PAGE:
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Why & How to Integrate the Cloud into Your Company in 2018

Integrate the Cloud into Your CompanyBusiness and technology are two fields where one can’t work without the other. These days, businesses need technology to grow, and technology needs business to spread. Times are changing, and it’s harder to keep up and stay relevant when new companies are popping up left and right. It is crucial for business owners to find the best ways to continue to innovate and improve. So, how to: Integrate the Cloud into Your Company

Integrate the Cloud into Your Company

Integrating the cloud into a business could be just the right move to get one step ahead of the competition. The cloud works by keeping and using data that is kept within the internet rather than on local storage. Cloud services include:

• Platform as a service (PaaS)
• Software as a service (SaaS)
• Infrastructure as a service (IaaS)

Within these three sections businesses can determine what they need, such as network equipment (IaaS), resource tracking software (SaaS), and databases (PaaS). Businesses can pick and choose what they need, or utilize all three “departments”. By working with one vendor that can provide all three services, it leaves businesses with beneficial interconnective opportunities.

Why Collaborate

The cloud can bring collaboration to a team. More often than not, team members work together via email and share documents virtually. The cloud can provide this as well, serving as a central location to share executed work, completed research and gathered data. According to Trackvia, it has been discovered that working within the cloud can increase productivity and quality of work overall. It can also support remote employees and help them feel included with the “work from anywhere” feature the cloud can provide. According to INC.com, employees that have the ability to work from home are happier and healthier. A positive outlook on the day-to-day responsibilities from employees can result in better productivity and increased quality of work.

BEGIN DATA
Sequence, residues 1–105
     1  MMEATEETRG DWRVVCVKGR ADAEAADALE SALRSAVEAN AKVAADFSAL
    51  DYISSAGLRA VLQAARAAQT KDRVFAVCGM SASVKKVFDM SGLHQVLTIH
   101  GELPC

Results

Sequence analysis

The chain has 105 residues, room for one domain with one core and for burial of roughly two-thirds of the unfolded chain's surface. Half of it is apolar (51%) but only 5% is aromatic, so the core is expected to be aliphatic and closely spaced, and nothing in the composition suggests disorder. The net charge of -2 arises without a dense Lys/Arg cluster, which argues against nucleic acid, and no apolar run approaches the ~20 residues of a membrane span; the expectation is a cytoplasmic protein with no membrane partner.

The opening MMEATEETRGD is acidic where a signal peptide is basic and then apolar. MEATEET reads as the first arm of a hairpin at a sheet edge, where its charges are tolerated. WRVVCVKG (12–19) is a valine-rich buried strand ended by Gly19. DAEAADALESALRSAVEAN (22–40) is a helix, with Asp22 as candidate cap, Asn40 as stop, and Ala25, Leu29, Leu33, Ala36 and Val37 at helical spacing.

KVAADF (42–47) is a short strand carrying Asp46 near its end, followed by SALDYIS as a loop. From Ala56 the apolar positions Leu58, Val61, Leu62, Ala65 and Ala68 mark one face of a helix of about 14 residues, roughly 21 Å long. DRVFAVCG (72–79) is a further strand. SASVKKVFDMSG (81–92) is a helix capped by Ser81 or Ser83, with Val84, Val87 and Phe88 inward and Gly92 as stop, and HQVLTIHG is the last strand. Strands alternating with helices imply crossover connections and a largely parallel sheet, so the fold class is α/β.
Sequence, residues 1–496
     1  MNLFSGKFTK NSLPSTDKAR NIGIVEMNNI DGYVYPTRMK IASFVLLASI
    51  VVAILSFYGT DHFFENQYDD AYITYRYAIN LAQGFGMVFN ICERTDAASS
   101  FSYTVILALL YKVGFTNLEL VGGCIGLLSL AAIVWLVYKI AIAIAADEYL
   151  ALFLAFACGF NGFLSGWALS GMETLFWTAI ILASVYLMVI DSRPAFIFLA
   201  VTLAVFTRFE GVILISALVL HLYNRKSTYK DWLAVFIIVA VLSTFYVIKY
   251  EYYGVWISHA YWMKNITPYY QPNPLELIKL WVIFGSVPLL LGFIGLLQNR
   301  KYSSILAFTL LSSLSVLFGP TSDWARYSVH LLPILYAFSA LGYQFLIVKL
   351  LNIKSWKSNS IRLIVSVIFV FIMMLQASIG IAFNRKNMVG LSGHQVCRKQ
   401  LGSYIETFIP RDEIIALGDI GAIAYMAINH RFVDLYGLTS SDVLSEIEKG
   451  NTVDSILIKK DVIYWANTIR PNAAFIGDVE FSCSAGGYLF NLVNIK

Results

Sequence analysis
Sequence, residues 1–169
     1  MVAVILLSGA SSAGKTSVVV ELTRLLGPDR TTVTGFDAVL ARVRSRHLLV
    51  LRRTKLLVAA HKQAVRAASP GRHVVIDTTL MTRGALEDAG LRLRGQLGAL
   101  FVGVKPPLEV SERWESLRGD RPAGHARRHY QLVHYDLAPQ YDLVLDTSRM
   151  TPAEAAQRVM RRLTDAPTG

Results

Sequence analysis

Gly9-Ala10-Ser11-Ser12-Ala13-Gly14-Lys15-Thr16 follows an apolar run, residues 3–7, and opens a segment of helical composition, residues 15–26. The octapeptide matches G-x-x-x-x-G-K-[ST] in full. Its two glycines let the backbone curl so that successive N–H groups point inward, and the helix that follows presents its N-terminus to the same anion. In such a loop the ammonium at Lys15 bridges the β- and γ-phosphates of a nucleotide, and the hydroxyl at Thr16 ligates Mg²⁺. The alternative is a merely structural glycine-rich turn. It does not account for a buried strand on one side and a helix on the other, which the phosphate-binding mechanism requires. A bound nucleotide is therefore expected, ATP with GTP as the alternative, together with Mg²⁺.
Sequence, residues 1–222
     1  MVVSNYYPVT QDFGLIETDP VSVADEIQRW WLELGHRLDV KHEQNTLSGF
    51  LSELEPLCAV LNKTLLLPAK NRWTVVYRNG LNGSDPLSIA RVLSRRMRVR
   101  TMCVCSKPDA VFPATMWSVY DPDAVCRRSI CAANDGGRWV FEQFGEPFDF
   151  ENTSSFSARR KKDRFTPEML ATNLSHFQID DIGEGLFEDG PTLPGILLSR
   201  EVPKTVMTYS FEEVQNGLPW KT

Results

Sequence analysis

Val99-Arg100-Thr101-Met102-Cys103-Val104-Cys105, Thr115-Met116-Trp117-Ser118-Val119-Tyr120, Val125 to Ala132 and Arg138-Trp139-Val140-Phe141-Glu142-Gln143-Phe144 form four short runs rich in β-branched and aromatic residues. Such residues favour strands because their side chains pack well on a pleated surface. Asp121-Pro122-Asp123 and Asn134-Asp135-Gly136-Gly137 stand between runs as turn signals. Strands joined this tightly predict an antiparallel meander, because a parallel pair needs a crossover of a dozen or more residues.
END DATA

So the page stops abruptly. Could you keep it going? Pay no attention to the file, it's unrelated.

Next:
What about Security?

Security is becoming a larger scale issue as the internet becomes the primary channel for individual needs like online banking and photo storage along with enterprise use cases for data storage and project management. According to Salesforce’s former executive vice president, Vivek Kundra, “Cloud computing is often far more secure than traditional computing, because companies like Google and Amazon can attract and retain cyber-security personnel of a higher quality than many governmental agencies.” When working with a cloud vendor, they become responsible for the client’s data security, providing benefits such as faster patching. Cloud data centers offer larger enterprise teams, increasing security and threat detection capabilities.

How about Disaster Recovery – Cloud Computing!

There was once a time when businesses both big and small didn’t prioritize disaster recovery. Up to 50% of organizations have insufficient disaster recovery plans, according to the International Data Corporation. With the cloud, companies now have a built-in backup where data and files are stored without having to invest in their own data centers. Incorporating the cloud into a business, in turn, is less expensive than creating an in-house disaster recovery center. No matter the size of a business, there is the opportunity to invest in an “insurance policy” that will actually save them money. It also opens up a new market for cloud companies that can now target organizations with lower budgets but similar needs.

Environmentally Friendly

A short and sweet benefit, but a benefit nonetheless. Moving to the cloud can benefit both an organization and the environment. Saving money on supplies such as paper, ink, hardware, and big investment pieces like printers can make a heavy impact in the long run. In turn, there will be less waste and paper usage, supporting the environment and a good cause.

How

Once a company has decided to integrate cloud capabilities into its plan, the next step is finding the best way to do so. A balance must be found between the company moving forward for modernization purposes, while keeping up with already successful legacy system strategies. It isn’t required to move everything to the cloud, but finding where it fits best and where it’s needed is an important step in the process.

For example, utilizing systems such as G Suite or Office 365 is a smooth and relatively simple transition for a company to take when integrating cloud systems into their repertoire. G Suite is a collection of different business applications, including Gmail, Docs, Drive, and Calendar. All these separate apps work together and become an effective tool used by companies worldwide. This type of system creates consistency within all departments leading to seamless processes throughout the company. It can also aid in-house communication in aspects such as improved workflow, organization, and team collaboration.